Is Harry Potter the antichrist? According to Alan Moore's League of Extraordinary Gentlemen: Century 2009 he is...well, sorta. In an advance review by Laura Sneddon that was published in The Independent, Sneddon points out that the literary heroes in Century 2009 find themselves in modern times facing the ultimate in evil who seems to be a touch similar to a fella who looks and sounds and smells like the iconic boy wizard.
At no point does Moore use the words "Harry" or "Potter," but a magical train hidden between platforms at King's Cross station, leading to a magical school where there are flashbacks of psychotic adolescent rage and whimpering children pleading for their life, all strewn with molten corpses, does rather suggest a link to the Boy Who Lived. A hidden scar and a mentor named Riddle, though possessed as he is by the real villain, completes the picture.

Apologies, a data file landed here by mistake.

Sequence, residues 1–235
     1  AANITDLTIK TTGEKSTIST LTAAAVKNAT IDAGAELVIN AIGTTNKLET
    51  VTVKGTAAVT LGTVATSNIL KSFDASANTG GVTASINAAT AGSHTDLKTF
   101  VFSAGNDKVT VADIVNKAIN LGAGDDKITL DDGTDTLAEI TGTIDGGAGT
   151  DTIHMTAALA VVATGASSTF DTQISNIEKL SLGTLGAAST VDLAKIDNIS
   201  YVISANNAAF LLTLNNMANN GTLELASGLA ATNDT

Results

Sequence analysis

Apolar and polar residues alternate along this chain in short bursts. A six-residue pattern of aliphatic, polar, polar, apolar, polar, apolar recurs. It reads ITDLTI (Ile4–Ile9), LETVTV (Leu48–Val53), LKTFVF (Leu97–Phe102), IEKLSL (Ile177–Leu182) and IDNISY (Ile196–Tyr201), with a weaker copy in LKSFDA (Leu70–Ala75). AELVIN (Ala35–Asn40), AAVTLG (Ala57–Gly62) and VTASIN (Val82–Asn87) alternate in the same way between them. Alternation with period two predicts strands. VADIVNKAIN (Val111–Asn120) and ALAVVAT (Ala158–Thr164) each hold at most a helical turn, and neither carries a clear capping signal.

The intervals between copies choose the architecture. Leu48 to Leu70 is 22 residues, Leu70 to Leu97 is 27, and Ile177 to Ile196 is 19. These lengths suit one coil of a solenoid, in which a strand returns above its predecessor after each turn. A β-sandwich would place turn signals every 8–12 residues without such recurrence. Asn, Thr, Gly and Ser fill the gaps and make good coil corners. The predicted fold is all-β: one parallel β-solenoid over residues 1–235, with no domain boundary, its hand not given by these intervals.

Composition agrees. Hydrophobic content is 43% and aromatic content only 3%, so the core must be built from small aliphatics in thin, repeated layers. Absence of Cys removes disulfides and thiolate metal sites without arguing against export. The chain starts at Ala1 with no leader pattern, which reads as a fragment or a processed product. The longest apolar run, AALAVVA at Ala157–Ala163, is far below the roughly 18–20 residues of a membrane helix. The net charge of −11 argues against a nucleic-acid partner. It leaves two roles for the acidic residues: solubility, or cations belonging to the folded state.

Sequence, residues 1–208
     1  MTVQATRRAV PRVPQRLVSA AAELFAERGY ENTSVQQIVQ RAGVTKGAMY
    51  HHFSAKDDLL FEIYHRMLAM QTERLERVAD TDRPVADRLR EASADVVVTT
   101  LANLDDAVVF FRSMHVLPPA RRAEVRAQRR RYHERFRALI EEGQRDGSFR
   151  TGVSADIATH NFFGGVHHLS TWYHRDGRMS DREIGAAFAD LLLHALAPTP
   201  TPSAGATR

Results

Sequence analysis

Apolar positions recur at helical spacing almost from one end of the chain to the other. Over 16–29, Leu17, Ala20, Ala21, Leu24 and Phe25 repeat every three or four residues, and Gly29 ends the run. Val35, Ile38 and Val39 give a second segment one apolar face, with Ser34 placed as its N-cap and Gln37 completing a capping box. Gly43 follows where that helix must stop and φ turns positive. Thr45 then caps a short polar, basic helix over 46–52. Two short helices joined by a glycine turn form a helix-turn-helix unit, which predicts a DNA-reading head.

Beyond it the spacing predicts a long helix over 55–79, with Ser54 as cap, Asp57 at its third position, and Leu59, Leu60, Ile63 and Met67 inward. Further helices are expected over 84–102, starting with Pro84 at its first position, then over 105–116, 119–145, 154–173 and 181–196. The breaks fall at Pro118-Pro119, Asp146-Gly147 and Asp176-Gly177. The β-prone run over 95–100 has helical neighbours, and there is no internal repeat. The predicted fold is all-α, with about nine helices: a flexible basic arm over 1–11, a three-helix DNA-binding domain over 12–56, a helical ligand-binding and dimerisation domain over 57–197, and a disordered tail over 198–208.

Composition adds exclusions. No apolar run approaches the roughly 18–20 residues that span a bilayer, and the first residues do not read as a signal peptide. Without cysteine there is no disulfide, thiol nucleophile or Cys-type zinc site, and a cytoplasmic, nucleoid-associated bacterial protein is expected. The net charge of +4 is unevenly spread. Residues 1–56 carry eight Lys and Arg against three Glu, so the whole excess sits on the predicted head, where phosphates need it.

As you guys probably know Tom Riddle is the name of Potter bad dude Voldemort.
This news is mighty fitting since, like every 5 minutes, we seem to be discussing the ethics surrounding the use of Alan Moore's Watchmen characters in Before Watchmen as well Alan Moore's use of lots of other creators' characters, including, as it seems, a chap who is heavily-inspired by J.K. Rowling's bespectacled buddy.
What do you think, Potter fans? How do you feel about your beloved boy wizard being reinterpreted as essentially Satan? Is Moore just baiting us headline hungry sites by including such SEO-friendly characters in his work? Is Moore sending up our fabricated, pop culture-obsessed culture by skewering one of the most popular and enduring pop culture figures of the last 20 years? Is Moore just having some fun? Is Harry Potter the antichrist?
Take to the comments and discuss!
[Source: The Guardian]